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Once I'd checked into the hotel — a task preceded by a bag x-ray and body-wanding at the hotel entrance, and a 20 minute search for my reservation — I headed over to the Olympic Village's MPC (Main Press Center) to see where I'd be working the next 10 days, get my bearings and say hello to my colleagues. From there I headed by metro to Tiananmen Square, figuring I'd take advantage of the setting sun and one of the purportedly only blue-sky days since the start of the Olympics.

Stepping out of the Tian'anmen East metro station (free subway use for accredited Olympic attendee's, by the way), I walked into a solid wall of people. After a bit of jostling I finally found an official (Police? Crossing Guard? Paramilitary trooper? Who can tell, the uniforms ALL look so military) to tell me what was going on. Everyone had gathered for the Flag Lowering ceremony, at sunset. Tian'anmen Square is, by the way, the largest open urban-square in the world. So if this place is packed, you can only imagine how many people were there. I don't know if it's always like this or if the crowd was due to the Olympics, but WOW there were a lot of people there.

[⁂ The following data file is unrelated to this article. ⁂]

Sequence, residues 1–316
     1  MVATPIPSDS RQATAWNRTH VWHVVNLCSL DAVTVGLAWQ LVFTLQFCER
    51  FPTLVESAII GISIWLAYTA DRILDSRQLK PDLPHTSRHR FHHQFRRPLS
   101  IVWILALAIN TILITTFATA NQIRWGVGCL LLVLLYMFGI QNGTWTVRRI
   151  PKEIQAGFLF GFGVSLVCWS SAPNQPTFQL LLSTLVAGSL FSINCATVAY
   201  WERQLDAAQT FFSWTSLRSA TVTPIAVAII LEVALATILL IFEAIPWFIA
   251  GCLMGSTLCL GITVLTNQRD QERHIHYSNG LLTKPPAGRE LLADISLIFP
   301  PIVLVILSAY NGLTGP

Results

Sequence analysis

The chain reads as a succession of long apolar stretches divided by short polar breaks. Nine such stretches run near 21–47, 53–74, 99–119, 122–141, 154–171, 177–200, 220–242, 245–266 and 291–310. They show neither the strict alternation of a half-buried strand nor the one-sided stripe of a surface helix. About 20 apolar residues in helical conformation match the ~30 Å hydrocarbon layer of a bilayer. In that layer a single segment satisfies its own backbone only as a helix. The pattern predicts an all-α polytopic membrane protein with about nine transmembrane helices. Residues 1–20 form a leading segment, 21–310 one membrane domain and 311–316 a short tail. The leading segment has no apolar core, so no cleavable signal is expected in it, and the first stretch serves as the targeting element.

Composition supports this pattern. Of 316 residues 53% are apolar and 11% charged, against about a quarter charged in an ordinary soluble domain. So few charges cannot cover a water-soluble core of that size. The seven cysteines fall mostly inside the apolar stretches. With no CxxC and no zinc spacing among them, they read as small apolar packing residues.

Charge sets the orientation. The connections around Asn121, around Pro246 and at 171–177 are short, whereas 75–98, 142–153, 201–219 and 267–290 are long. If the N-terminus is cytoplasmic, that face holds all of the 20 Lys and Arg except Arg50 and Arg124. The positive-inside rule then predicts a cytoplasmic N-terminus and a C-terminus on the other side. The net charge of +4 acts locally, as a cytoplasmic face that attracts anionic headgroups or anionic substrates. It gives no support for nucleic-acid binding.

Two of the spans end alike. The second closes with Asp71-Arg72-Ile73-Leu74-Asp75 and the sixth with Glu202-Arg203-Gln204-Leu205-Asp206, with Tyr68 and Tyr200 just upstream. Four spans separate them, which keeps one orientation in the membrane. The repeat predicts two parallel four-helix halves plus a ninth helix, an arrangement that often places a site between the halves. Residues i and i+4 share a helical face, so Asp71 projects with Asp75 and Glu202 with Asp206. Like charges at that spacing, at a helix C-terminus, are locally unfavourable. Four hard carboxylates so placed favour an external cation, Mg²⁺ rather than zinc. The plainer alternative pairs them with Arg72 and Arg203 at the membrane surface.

Girl watching flag lowering ceremony

Photographing a flag being lowered down a flag pole from a quarter-mile away didn't make for an interesting photo, and there was no way I'd get to the front to actually see the guards doing the lowering, so I spent my time…

…shooting people watching the ceremony. There were tons of kids, so I'm really guessing that this is an unusual crowd — that this many people are in town just for the Olympics, even from all over China. Of course not all the kids were thrilled to have been dragged there!

Not everyone was happy to be there

I wasn't sure if it was permissable to photograph the guards, but once I saw all the locals shoving cameras in the soldiers' faces, I joined in.


Once the sun went down, the entire place lit up like a Christmas tree. This is the Tian'anmen Gate, the entrance to the Forbidden City.


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